Mark H. says take responsibility for your future. He started early, setting up an IRA while serving in the US Navy in the 1980s. He committed to living frugally and eventually married a woman who practiced financially responsible habits. Together, they built a nest egg by diversifying assets and adopting a value/dividend investing strategy. They’ll be retiring soon and plan to be mortgage free.
Amy V. further stressed the importance of marrying someone responsible. She says her spouse has patiently and consistently encouraged them to save, live within their means, and prioritize important decisions.
Bipin P. emphasized having a backup plan so that there’s something to lean on in difficult moments. He also believes it’s never too late to start a “side hustle” to create another income stream. His new gig provided supplemental income to use today and leave his children tomorrow.
Because he retired in his late forties, Brandon J. kept his money in three tax buckets (pre, post, no-tax) to create flexibility for all that life he had yet to enjoy. People laughed at Michael B. when he started saving at just twenty-three years of age. They no longer laugh. Dave B. moved to a big retirement community with all sorts of fulfilling activities.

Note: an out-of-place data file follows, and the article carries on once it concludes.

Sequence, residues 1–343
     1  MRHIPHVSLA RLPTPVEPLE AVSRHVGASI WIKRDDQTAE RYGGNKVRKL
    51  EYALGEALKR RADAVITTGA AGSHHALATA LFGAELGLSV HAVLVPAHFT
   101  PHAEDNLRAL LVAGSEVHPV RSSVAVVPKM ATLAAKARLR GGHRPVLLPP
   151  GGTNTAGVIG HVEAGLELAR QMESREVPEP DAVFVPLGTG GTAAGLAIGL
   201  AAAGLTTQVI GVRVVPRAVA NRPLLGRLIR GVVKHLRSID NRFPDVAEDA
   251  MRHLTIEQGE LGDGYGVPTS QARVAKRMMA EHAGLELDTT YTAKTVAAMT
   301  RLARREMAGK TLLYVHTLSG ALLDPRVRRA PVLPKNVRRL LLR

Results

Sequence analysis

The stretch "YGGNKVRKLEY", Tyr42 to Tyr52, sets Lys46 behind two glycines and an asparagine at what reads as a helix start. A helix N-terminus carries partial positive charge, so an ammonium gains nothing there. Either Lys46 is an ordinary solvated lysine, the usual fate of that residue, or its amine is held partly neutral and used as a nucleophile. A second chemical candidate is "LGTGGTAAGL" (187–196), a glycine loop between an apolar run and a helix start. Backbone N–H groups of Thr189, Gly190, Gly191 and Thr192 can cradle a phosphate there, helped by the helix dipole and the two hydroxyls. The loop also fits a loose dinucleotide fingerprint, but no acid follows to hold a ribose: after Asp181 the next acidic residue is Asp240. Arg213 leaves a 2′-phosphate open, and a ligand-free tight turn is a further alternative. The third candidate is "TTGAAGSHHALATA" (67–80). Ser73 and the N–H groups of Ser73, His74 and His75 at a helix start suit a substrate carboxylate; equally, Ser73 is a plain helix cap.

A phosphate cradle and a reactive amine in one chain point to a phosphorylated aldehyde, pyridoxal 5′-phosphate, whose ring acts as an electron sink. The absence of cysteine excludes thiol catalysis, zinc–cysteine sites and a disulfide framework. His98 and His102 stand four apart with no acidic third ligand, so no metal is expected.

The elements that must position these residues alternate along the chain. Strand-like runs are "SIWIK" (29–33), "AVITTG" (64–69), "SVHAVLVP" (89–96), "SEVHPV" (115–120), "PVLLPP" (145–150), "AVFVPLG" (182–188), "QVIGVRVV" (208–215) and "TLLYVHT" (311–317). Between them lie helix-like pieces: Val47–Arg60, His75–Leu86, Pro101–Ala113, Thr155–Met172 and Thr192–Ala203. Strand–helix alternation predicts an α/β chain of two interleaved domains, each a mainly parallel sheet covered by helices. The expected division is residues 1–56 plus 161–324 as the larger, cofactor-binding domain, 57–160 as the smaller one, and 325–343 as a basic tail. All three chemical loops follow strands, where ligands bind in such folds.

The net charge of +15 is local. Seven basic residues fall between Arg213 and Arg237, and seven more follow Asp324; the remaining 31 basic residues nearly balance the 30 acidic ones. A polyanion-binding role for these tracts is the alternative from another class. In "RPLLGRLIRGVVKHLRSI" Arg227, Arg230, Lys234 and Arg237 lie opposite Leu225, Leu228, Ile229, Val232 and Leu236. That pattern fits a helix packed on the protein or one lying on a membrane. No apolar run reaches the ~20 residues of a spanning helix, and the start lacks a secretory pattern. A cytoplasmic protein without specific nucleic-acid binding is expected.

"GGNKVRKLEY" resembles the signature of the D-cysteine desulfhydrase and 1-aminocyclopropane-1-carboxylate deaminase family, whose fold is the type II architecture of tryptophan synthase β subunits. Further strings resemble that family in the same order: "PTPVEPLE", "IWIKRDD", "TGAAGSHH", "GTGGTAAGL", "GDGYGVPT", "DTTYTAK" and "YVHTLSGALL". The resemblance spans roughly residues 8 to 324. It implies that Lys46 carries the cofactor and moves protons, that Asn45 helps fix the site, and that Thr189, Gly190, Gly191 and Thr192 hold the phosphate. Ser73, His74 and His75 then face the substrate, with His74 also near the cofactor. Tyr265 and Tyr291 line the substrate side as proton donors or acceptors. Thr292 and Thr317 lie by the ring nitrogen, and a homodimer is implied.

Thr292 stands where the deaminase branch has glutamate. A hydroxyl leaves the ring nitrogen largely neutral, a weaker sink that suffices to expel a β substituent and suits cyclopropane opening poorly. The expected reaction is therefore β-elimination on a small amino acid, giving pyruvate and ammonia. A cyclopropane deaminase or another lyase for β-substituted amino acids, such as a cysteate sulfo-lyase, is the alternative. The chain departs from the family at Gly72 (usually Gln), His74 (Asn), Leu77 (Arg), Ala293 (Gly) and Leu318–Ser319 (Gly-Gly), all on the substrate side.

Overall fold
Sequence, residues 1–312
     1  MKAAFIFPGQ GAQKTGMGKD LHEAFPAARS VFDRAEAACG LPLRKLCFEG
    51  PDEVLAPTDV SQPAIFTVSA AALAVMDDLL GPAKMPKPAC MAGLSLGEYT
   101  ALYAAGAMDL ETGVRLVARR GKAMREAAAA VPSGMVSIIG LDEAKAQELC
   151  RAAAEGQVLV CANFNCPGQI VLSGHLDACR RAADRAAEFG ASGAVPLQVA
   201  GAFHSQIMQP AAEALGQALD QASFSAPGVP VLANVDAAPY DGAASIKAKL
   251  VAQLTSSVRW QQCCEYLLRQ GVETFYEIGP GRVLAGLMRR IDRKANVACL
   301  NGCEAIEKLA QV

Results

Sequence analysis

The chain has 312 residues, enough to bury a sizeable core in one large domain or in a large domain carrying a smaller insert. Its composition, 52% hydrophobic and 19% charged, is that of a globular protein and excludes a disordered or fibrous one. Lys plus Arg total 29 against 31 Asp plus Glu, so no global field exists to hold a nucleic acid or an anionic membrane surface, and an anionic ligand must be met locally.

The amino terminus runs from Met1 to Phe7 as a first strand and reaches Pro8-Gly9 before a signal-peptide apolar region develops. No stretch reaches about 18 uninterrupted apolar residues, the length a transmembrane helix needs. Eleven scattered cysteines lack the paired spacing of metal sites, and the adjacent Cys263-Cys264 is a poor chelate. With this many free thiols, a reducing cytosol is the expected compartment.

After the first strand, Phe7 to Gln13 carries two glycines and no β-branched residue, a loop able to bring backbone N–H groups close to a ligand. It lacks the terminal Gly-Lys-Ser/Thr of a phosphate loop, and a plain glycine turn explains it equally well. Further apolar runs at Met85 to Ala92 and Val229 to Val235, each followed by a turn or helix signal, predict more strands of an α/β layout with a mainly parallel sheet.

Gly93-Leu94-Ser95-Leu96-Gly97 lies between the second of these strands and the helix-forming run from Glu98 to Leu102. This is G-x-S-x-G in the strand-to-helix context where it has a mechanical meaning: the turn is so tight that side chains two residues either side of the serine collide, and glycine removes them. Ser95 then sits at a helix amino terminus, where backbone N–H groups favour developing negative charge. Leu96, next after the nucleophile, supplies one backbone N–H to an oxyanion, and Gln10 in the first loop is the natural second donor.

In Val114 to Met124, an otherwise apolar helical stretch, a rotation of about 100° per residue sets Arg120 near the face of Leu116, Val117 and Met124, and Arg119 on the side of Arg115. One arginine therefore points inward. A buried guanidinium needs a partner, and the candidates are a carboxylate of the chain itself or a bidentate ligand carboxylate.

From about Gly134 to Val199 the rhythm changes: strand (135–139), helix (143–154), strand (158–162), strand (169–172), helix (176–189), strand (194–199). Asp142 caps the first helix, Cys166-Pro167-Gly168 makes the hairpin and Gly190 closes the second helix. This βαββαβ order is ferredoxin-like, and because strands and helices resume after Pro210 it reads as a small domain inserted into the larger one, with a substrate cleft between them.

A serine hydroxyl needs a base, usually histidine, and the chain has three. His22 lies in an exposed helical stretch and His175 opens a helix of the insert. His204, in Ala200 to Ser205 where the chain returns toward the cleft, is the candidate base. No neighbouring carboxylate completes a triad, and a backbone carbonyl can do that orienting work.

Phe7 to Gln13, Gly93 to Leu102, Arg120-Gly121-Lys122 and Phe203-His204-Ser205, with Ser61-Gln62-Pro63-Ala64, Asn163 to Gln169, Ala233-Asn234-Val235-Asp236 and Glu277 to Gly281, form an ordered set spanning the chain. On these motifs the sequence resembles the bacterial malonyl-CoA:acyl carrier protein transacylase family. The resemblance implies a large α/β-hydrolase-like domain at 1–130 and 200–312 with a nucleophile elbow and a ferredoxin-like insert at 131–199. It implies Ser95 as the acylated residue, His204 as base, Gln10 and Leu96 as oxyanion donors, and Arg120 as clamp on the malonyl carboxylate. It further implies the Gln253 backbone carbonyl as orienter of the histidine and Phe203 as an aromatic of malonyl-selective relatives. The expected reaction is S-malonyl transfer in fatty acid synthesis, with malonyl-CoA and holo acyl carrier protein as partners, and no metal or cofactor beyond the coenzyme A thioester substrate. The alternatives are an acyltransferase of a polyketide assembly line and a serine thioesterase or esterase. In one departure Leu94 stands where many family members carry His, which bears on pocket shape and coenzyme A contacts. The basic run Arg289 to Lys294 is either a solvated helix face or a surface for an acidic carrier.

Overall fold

Finally, and I promise I’m not making this up, Michelle D. recommended reading my latest book, What the Happiest Retirees Know: 10 Habits for a Healthy, Secure, and Joyful Life. What can I say? She has good taste!
3. What non-financial aspect of retirement living surprised you the most?
Leslie B. thought it would be easier to learn how to structure her day. After four weeks, she hasn’t mastered it yet but is optimistic that she’ll get there.
Finding contentment and patience with a slower-paced life has helped Deb S. learn to enjoy each day, not just weekends. Tom L. echoed Deb’s sentiment. He almost likes the weekdays more than weekends!
4. If you could change one thing about your retired life, what would that be?
Mark H. wishes he had had enough forethought to pre-plan which part-time job would make him happy during retirement. Likewise, Julie C. wishes she had more confidence that her retirement savings would last.